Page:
How to Get Rid of Green, Yellow, and Black Pool Algae

Updated on November 13, 2017
Barack James profile image

Barack is an expert pool chemistry guy and experienced online-based pool maintenance assistant via in-depth articles that top search results


How to Get Rid of Green, Blue, Yellow, and Black Pool Algae

If a swimming pool is not well-chlorinated, it may develop three different colors of algae: Green (blue), yellow, and black. Green (or blue) is the most common type and also the easiest to remove. They all can cause a number of health hazards ranging from a slippery coating on skin and pool walls to a harmful bacteria growth.

Why Is My Pool Water Green or Blue?

  • If you are asking this question, it is because you have green alga in your pool.
  • Green (or blue) alga normally forms due to poor pool sanitization (chlorination) and poor filtration.
  • This type is the easiest to get rid of.
  • It floats freely on the surface, which makes the water look green.
  • It will sometimes stick to the pool walls, but the good news is that it is easier to brush off than the yellow or black types.
  • To get rid of it, I prefer to use an algaecide. If that doesn't work, you need to do a light shocking using liquid chlorine (see instructions below).
  • Algaecide can also be used preventatively once a week, especially during hot and humid seasons.

Why Is My Pool Water Yellow or Orange?

  • This means that mustard or yellow alga is growing in your pool.
  • This type looks like sand or pollen. It's very sticky and adheres to pool walls that don't get lots of sunlight.
  • It is chlorine-resistant, very stubborn, and in some cases, it will grow even on pool equipment, toys, floats, or bathing suits.
  • You cannot get rid of this type with a small amount of chlorine or algaecide. You will need to deeply shock the pool using a high dosage of chlorine and clean all affected equipment with chlorine, as well. See instructions below.

What Is That Black Stuff In My Pool?

  • Black alga is the least common and the most difficult to get rid of.
  • It has a very strong defense mechanism and deep roots that make it very hard to remove. It will normally look like small, dark black spots on your pool walls.
  • To get rid of it, you will need to do heavy brushing, vacuuming, and chlorination. (See instructions below.)

What Causes Algae to Form in a Pool?

Algae form mainly in hot and humid climates or during the summer, simply because chlorine reduces as water temperature increases. But don't think, even for a moment, that maintaining chlorine levels is enough: You need to maintain an appropriate balance of all chemicals.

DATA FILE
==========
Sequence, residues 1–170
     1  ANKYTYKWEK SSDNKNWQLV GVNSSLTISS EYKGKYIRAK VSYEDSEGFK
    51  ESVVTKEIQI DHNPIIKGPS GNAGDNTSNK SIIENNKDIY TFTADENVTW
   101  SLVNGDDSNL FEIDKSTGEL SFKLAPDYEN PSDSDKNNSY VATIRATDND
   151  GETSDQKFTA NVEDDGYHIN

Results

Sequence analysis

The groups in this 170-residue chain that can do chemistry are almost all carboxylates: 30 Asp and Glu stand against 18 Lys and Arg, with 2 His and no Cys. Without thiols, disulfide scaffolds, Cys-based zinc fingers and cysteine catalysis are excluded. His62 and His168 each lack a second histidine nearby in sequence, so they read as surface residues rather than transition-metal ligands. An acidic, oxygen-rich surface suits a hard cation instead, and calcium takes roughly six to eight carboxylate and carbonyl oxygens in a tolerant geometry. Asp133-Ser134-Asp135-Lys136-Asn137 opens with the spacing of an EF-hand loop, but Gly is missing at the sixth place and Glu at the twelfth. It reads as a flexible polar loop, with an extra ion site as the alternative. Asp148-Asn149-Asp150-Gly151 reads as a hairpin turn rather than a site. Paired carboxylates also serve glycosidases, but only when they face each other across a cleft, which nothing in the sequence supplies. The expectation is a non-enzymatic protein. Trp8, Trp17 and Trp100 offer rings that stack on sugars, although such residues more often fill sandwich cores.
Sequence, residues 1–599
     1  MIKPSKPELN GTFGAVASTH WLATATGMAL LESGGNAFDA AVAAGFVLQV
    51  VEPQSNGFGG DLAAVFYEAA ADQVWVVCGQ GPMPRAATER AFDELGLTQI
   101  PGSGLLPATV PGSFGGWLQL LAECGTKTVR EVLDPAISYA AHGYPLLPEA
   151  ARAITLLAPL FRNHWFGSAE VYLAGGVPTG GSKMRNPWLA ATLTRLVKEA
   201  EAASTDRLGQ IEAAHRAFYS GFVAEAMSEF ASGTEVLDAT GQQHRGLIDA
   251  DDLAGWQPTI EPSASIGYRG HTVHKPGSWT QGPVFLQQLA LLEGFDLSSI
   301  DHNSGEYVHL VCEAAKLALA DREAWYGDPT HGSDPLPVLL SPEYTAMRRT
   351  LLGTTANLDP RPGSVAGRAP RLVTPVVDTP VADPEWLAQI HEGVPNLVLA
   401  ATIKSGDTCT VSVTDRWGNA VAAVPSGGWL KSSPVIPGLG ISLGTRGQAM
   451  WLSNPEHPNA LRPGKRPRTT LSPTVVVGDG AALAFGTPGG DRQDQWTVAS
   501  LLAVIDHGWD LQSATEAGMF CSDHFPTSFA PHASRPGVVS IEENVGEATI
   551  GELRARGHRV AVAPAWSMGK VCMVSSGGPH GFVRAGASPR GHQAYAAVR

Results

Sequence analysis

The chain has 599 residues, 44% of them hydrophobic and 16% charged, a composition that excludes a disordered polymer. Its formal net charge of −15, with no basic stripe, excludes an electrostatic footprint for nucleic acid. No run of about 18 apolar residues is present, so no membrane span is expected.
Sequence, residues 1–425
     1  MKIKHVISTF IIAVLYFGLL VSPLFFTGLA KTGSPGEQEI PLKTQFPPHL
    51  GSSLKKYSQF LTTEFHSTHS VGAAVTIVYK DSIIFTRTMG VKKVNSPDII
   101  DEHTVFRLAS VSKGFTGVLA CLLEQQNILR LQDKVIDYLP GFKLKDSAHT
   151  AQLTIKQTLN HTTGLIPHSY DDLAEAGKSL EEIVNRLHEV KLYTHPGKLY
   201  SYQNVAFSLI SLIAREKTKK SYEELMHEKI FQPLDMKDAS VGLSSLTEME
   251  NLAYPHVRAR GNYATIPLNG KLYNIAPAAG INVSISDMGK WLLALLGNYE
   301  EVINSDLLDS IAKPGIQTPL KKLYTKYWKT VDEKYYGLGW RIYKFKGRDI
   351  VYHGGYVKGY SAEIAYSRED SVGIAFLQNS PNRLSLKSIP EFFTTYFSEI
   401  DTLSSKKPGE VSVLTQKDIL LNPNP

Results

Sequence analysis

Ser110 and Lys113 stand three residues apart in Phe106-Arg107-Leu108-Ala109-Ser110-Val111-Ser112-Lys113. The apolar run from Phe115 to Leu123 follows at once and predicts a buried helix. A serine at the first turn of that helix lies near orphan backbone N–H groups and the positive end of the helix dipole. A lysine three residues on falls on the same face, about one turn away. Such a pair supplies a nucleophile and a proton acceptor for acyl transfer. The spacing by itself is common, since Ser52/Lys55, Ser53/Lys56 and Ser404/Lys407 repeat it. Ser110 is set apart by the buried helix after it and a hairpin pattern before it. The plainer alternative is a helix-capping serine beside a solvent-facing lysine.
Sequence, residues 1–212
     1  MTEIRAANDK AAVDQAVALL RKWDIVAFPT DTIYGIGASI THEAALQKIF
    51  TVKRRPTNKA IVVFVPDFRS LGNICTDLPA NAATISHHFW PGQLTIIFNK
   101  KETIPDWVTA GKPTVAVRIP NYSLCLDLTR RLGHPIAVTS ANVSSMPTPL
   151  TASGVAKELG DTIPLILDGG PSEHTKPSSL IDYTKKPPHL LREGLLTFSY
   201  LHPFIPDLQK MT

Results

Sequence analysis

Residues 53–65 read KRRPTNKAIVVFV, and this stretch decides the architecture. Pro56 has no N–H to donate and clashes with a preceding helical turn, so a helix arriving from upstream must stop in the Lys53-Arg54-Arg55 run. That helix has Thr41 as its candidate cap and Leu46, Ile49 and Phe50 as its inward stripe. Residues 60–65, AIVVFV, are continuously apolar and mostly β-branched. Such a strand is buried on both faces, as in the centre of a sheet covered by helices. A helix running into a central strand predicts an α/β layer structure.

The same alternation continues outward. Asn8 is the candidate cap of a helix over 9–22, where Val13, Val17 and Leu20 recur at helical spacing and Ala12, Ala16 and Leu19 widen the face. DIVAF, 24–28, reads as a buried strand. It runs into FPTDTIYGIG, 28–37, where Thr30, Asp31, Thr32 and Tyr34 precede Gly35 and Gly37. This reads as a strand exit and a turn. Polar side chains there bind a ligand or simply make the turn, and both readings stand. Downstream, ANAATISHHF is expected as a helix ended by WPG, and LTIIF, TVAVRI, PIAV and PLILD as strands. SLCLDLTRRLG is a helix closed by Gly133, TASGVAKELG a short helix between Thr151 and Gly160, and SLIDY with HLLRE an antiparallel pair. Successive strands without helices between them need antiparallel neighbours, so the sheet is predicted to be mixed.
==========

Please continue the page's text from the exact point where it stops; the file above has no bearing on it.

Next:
Most chemicals used in the pool, such as pH chemicals, sanitizers, alkali, phosphate, stabilizers, and more, will affect how chlorine works and how it is consumed. For this reason, the only perfect way to avoid algae or cloudy water is to constantly maintain the correct chemical balance in your water, which means using an accurate pool water testing kit.

What You'll Need to Remove Pool Algae

  1. pH adjusting chemicals
  2. Chlorine shock
  3. Algaecide
  4. Vacuuming machine
  5. Backwash hoses
  6. A working filter system
  7. Large leaf net
  8. Accurate swimming pool water test kit
  9. Pool brush

6 Essential Steps for Removing Pool Algae

First, you need to begin troubleshooting the problem one step at a time until you end up with clear, blue water. For yellow and black algae, it is a long process and cannot be achieved in a day or two, but for green algae, you may solve the problem in a matter of hours.

Step One: Brush All the Surfaces Inside Your Pool

Yellow and black algae will require a heavy brushing of pool walls and floor, while green algae may only need a light brushing.

Step Two: Remove Large Debris

Large and visible debris should be dealt with first. Here, you will need to use a large leaf net instead of the hand skimmer. Note: A large leaf net will stir up the entire pool and move debris that has settled on the bottom. As a result, the water may look dirtier, but it will eventually settle down with time.

Step Three: Vacuum to Remove Small Particles

Be cautious not to use vacuuming equipment if the water still has large bits of debris floating in or settled on the bottom of the pool. This will block your pipes and filter. Note: Only vacuum your swimming pool when you can clearly see its bottom to ensure that no large debris still remain.

Step Four: Correct the pH Level

At this point, your water may still be an off color, but it should be free of large and small particles. Now, you need to test and establish the pH level before adding any pH solution. A pH level of 7.4 to 7.8 is fine. Anything above or below that needs attention.

Use the pH Plus (pH Increaser) to increase a pH level lower than 7.4. On the other hand, use pH Minus (pH Reducer) to decrease a pH level higher than 7.8. Ensure that the pH level is within the correct range, or else the water will not clear up.

Step Five: Shock the Swimming Pool

The final step is to chlorinate the water to kill algae and any bacteria that is present. I like using liquid chlorine, preferably sodium hypo chloride. It works much faster than the powdered kind. Check out When and How to Shock Your Swimming Pool.